Treatment centers that promote individual’s processing their emotional concerns while learning practical applications of positive coping mechanisms, nutrition, and exercise, foster a less daunting, and more positive, transition back into the “real world.”
Support after ED Treatment
The work is not complete once treatment ends. In fact, many people say that the challenge of leaving treatment and reintegrating their new selves into their old life was the most difficult. Those who often plan for this challenge have a better chance of overcoming it.
As previously discussed, tapping into a support system is important. Family and friends are valuable protective factors against disordered thoughts and behaviors. Additionally, planning for “bad days” after treatment can assist an individual in tackling a difficult moment head-on with the resources and supports they put in place.
Anticipating these moments and creating a plan-of-action before leaving treatment is important. Individuals in treatment should have a treatment team lined up on the “outside” and look into what eating disorder recovery support is in their area.
Planning for the worst may seem bleak, but it is often the difference between being blindsided and reverting to old, negative, coping mechanisms or facing a challenging moment, looking it in the eye, and knowing how to overcome it.
Those who achieve recovery do not walk out of the doors of their treatment center magically fixed. In fact, many of them may relapse multiple times before feeling free of their disorder. A final aspect that promotes successful recovery is self-compassion and self-forgiveness.
Remember that one slip-up does not mean you need to fall back into the hole of disordered eating. Recovery is not a decision that once made, occurs completely and immediately. You will have to choose recovery over and over again, each moment of each day.
Every time you do, you will feel your strength grow, your resilience shines through, and you will move toward freedom from your eating disorder until freedom is all you know.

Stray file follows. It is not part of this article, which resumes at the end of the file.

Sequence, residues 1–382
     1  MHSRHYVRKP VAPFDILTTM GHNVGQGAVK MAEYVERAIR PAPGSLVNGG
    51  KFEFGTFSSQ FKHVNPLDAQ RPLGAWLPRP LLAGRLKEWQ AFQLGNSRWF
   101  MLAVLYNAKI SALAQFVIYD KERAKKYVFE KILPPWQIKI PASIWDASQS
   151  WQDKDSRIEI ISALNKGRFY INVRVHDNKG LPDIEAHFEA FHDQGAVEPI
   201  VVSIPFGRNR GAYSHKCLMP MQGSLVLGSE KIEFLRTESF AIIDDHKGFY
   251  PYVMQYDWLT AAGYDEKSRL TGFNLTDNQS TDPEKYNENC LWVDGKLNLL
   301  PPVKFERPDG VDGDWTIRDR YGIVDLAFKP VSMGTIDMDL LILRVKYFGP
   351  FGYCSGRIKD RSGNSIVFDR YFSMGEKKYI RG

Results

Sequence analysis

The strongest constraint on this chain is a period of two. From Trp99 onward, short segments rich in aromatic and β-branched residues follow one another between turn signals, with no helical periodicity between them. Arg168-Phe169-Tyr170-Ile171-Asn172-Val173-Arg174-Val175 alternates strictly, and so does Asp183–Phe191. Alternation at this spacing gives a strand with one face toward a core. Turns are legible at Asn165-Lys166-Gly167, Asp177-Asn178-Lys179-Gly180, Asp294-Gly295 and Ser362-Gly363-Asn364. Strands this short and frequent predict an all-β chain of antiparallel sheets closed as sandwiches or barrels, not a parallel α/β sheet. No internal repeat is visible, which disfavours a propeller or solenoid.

About the Author: Margot Rittenhouse is a therapist who is passionate about providing mental health support to all in need and has worked with clients with substance abuse issues, eating disorders, domestic violence victims and offenders, and severely mentally ill youth.
As a freelance writer for Eating Disorder and Addiction Hope and a mentor with MentorConnect, Margot is a passionate eating disorder advocate, committed to de-stigmatizing these illnesses while showing support for those struggling through mentoring, writing, and volunteering. Margot has a Master’s of Science in Clinical Mental Health Counseling from Johns Hopkins University.
References: Lock, J. (2011). Evaluation of family treatment models for eating disorders. Current Opinion in Psychiatry, 24, 274-279.
 Uzunian, L. G. et al. (2015). Social skills: a factor of protection against eating disorders in adolescents. Ciencia & Saude Coletiva, 20:11, 3495-3508.
 Van Der Kaap-Deeder, J. et al. (2014). Fostering self-endorsed motivation to change in patients with an eating disorder: the role of perceived autonomy support and psychological need satisfaction. International Journal of Eating Disorders, 47:6, 585-600.
 Soundy, A. et al. (2016). Considering the role of physical therapists within the treatment and rehabilitation of individuals with eating disorders: an international survey of expert clinicians. Physiotherapy Research International, 21:4, 237-246.
 Dejesse, L. D., Zelman, D. C. (2013). Promotion optimal collaboration between mental health providers and nutritionists in the treatment of eating disorders. Eating Disorders, 21, 185-205.
The opinions and views of our guest contributors are shared to provide a broad perspective of eating disorders. These are not necessarily the views of Eating Disorder Hope, but an effort to offer discussion of various issues by different concerned individuals.
We at Eating Disorder Hope understand that eating disorders result from a combination of environmental and genetic factors. If you or a loved one are suffering from an eating disorder, please know that there is hope for you, and seek immediate professional help.
Published on September 26, 2017.
Reviewed By: Jacquelyn Ekern, MS, LPC on September 26, 2017.
Published on EatingDisorderHope.com